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AIDS. 1999 May 7;13(7):791-6.

Viral load and burden modification following early antiretroviral therapy of primary HIV-1 infection.

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  • 1Laboratory of Virology, AIDS Center San Luigi, IRCCS--Hospital San Raffaele, Milan, Italy.



The aim of this study was to monitor the effect on viral DNA and RNA of early treatment with highly aggressive antiretroviral therapy (HAART), in comparison with zidovudine (ZDV) monotherapy or no treatment in subjects with primary HIV-1 infection (PHI).


Of the 28 patients selected, four were untreated, four received ZDV alone, 10 received a triple combination (ZDV, lamivudine (3TC) and saquinavir (SQV)) and 10 received a quadruple combination (ZDV, 3TC, SQV and ritonavir (RTV)). Seroconversion was monitored by means of Western blot profile analysis. A quantitative polymerase chain reaction (PCR) assay in the HIV gag region was used to monitor viral DNA and the nucleic acid sequence based amplification (NASBA) system for viraemia (HIV-RNA).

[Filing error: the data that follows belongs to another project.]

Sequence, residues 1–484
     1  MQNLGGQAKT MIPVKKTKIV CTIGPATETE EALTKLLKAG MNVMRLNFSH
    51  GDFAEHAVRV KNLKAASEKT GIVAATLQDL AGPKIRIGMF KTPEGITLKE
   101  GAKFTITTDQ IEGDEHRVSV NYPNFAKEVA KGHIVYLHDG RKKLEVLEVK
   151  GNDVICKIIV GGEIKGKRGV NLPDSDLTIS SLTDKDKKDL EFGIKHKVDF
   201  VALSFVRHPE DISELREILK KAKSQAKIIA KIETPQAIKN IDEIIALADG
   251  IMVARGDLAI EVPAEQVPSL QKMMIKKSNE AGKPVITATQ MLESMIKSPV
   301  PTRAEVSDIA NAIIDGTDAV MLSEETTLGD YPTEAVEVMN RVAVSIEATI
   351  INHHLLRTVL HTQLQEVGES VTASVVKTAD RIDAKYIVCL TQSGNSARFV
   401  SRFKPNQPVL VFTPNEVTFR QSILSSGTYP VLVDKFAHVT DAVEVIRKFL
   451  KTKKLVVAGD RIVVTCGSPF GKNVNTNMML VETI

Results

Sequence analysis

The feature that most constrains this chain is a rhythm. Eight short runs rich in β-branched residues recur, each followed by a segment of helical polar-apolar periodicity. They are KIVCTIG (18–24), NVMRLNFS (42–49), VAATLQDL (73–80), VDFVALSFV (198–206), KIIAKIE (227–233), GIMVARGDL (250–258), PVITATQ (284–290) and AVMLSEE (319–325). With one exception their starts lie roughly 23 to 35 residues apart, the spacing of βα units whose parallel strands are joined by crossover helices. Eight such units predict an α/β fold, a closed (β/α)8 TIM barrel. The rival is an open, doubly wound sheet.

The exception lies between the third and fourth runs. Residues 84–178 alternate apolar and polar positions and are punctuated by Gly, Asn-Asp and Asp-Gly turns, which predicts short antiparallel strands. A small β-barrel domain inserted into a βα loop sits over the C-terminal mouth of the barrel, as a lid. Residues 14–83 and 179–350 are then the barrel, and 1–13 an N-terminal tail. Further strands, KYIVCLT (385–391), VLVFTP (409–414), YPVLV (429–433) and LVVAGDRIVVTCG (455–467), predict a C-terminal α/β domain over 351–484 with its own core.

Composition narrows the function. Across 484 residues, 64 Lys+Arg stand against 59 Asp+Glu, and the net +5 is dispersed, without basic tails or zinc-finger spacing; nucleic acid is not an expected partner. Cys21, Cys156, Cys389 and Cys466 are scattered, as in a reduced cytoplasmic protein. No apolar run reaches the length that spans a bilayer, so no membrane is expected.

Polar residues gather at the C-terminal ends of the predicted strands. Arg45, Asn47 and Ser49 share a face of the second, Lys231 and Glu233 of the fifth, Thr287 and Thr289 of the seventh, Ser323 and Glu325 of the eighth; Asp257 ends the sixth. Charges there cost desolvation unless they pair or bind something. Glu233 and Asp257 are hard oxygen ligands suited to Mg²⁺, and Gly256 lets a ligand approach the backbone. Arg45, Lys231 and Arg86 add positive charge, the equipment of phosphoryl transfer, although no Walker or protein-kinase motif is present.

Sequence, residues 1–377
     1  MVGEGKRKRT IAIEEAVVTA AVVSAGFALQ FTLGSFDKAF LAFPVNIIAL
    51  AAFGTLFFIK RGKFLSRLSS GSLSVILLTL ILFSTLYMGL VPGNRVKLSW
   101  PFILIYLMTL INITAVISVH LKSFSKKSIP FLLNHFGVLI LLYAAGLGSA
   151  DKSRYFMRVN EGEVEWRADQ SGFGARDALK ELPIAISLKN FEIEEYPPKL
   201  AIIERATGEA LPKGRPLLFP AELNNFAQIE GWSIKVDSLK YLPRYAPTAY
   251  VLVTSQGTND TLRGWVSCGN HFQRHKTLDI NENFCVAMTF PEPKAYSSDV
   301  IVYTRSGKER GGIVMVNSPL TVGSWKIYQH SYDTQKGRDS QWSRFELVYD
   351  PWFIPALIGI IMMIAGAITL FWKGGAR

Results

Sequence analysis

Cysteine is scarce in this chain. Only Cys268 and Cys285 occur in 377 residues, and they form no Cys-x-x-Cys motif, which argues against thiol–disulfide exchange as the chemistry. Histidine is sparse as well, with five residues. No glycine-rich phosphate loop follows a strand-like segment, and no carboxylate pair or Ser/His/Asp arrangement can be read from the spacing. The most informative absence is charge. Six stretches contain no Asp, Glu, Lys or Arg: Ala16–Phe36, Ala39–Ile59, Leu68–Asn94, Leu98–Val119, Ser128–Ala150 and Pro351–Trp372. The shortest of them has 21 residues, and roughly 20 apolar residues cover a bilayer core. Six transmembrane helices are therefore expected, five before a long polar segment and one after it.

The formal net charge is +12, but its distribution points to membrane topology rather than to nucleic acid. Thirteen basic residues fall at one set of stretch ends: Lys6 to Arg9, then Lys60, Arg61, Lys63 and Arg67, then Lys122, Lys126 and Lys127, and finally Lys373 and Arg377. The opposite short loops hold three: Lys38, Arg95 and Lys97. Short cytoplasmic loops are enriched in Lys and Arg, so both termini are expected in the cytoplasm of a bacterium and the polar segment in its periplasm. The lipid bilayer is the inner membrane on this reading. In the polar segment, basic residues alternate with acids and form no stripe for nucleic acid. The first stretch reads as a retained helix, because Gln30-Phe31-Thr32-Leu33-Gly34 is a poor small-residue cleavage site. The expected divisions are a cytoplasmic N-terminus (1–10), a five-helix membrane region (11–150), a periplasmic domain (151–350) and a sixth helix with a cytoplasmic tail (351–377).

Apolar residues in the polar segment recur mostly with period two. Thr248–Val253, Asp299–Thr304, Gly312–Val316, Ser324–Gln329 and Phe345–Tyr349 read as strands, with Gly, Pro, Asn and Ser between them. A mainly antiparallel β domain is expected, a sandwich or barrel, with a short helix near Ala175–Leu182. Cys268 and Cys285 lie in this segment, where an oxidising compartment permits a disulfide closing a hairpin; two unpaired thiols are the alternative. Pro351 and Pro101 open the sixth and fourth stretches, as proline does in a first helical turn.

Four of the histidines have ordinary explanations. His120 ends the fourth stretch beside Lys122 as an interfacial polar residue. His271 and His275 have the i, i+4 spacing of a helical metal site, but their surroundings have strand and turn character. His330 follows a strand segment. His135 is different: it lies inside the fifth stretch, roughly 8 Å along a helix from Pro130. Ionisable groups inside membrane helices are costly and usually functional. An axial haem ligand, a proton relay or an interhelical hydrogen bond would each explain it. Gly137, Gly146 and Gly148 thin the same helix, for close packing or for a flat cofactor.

There was a certain level of heterogeneity in the baseline values of HIV-DNA and RNA. Early HAART led to a rapid recovery in the number of CD4 cells and the CD4/CD8 cell ratio and a reduction in HIV-RNA to undetectable levels, which was significantly greater than in the untreated patients or those treated with ZDV. Although a reduction in DNA levels was also observed in the HAART-treated subjects, this variation was not significant.


The parameters of viral replication and CD4 cell recovery were only slightly better in the patients receiving ZDV monotherapy than in the untreated patients, thus confirming that the course of the infection is hardly affected by the monotherapy. The early introduction of HAART greatly reduces plasma viraemia and restores the number of CD4 cells for up to 1 year. HIV-DNA remains detectable, although at low levels, thus confirming that the early established reservoir of infected cells is little affected. Longer periods of observation and the introduction of complementary approaches, such as immunomodulatory therapies, will provide further information concerning the possibility of radically interfering with the natural evolution of the disease.

[PubMed - indexed for MEDLINE]
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